SLACKISTANJune 02, 2011



On Demand Weekly provides new movie reviews of hot movies on demand and from the POV of watching from the comfort of your home. Today’s review: SLACKISTAN (FilmBuff).



By Sky McCarthy

Few films coming from the Middle East focus on the inner turmoil of bored youths. Such a genre is frequently associated with young American directors and writers seeking to capture the backlash of living in a capitalist society with forgone ideals. In a region so mired by political turmoil, it is easy to forget that millions of people in this cultural region are probably living the same boring lives as any suburban American.

SLACKISTAN follows the intermingled stories of five privileged Pakistani teens as they struggle with young adulthood in a society deprived of any opportunity for forward thinking individuals. Instead of dwelling on the political instability, however, director Hammad Khan focuses on the various insecurities faced by his protagonists – ultimately creating a universally relatable story.


Hasan, the story’s leading male, is an aspiring filmmaker who struggles throughout the film to find an intriguing topic. His difficulty in pinning down a subject matter reflects every character’s inability to succeed at anything post-university while also mirroring the disturbing lack of cinema to come from the Middle East in recent decades. Despite no obvious obscenities (to Western eyes), SLACKISTAN has yet to be released in Pakistan due its use of the word “lesbian” and infrequent, but heavy, drinking.



Perhaps that is what makes SLACKISTAN so interesting to Western audiences – it has received acclaim at numerous stateside film festivals – its appeal lies both in its ability to uncover a relatively clandestine and misunderstood region but once the curtain is pulled away we simply see ourselves.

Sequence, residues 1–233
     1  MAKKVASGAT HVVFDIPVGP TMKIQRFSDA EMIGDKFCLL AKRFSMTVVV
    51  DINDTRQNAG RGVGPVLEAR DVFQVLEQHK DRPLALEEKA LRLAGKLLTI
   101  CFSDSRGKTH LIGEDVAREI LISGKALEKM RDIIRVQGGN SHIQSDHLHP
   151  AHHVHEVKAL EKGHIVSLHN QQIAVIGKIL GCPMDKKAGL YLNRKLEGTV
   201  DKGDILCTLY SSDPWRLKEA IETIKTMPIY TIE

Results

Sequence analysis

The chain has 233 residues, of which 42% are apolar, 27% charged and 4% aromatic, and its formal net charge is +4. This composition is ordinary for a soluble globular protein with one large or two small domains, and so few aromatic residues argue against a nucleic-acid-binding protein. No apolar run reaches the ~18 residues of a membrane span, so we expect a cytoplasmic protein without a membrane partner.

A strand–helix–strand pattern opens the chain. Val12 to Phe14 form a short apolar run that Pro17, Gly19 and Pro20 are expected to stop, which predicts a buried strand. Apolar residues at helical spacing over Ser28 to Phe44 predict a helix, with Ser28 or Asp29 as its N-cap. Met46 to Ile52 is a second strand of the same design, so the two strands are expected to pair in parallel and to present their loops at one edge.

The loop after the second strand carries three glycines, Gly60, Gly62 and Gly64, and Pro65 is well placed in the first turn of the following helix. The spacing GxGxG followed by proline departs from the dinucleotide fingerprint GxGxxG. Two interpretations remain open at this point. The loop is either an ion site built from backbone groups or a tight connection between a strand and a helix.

The main group of friends switch easily between English and Urdu, dress in Westernized clothing and question the existence of a “higher power” – far from any stereotypical veiled Middle Eastern citizen. Any young individual graduating in 2009, 2010 or even today and has faced unemployment in a dog-eat-dog economy can relate to the feelings of uselessness faced by the characters.


Islamabad, the primary setting of the story, is not a typical Middle Eastern city. Indeed the characters lament on the bubble in which they have been placed – being raised in a small Westernized capitol in the middle of a “backwards” and defiantly traditional state.

Ultimately one can not ignore the political ramifications of growing up in a war-torn area and American teens certainly do not face such an external stigma or prejudice when trying to self assert, but SLACKISTAN certainly provides a unique perspective on a topic that apparently crosses all cultures.




- Sky McCarthy

Sky McCarthy is a contributing writer to On Demand Weekly and a television enthusiast (ask me about anything!) currently working in entertainment in New York City.


Look for SLACKISTAN (FilmbBuff) under your cable system's Movies On Demand secton.


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